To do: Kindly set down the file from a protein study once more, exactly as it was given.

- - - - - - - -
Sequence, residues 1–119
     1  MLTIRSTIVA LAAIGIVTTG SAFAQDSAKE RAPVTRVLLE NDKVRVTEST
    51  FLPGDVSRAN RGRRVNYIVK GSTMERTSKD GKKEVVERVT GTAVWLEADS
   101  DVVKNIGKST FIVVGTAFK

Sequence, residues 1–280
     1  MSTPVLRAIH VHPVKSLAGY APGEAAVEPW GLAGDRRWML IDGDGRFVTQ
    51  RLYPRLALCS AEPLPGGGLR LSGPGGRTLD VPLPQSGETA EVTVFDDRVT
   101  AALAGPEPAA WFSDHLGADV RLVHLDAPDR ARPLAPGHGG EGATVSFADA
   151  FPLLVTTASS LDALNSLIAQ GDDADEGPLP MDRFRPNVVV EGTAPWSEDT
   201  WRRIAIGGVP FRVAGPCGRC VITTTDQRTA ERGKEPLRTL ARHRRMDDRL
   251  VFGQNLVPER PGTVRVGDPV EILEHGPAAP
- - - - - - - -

Sequence, residues 1–119
     1  MLTIRSTIVA LAAIGIVTTG SAFAQDSAKE RAPVTRVLLE NDKVRVTEST
    51  FLPGDVSRAN RGRRVNYIVK GSTMERTSKD GKKEVVERVT GTAVWLEADS
   101  DVVKNIGKST FIVVGTAFK

Sequence, residues 1–280
     1  MSTPVLRAIH VHPVKSLAGY APGEAAVEPW GLAGDRRWML IDGDGRFVTQ
    51  RLYPRLALCS AEPLPGGGLR LSGPGGRTLD VPLPQSGETA EVTVFDDRVT
   101  AALAGPEPAA WFSDHLGADV RLVHLDAPDR ARPLAPGHGG EGATVSFADA
   151  FPLLVTTASS LDALNSLIAQ GDDADEGPLP MDRFRPNVVV EGTAPWSEDT
   201  WRRIAIGGVP FRVAGPCGRC VITTTDQRTA ERGKEPLRTL ARHRRMDDRL
   251  VFGQNLVPER PGTVRVGDPV EILEHGPAAP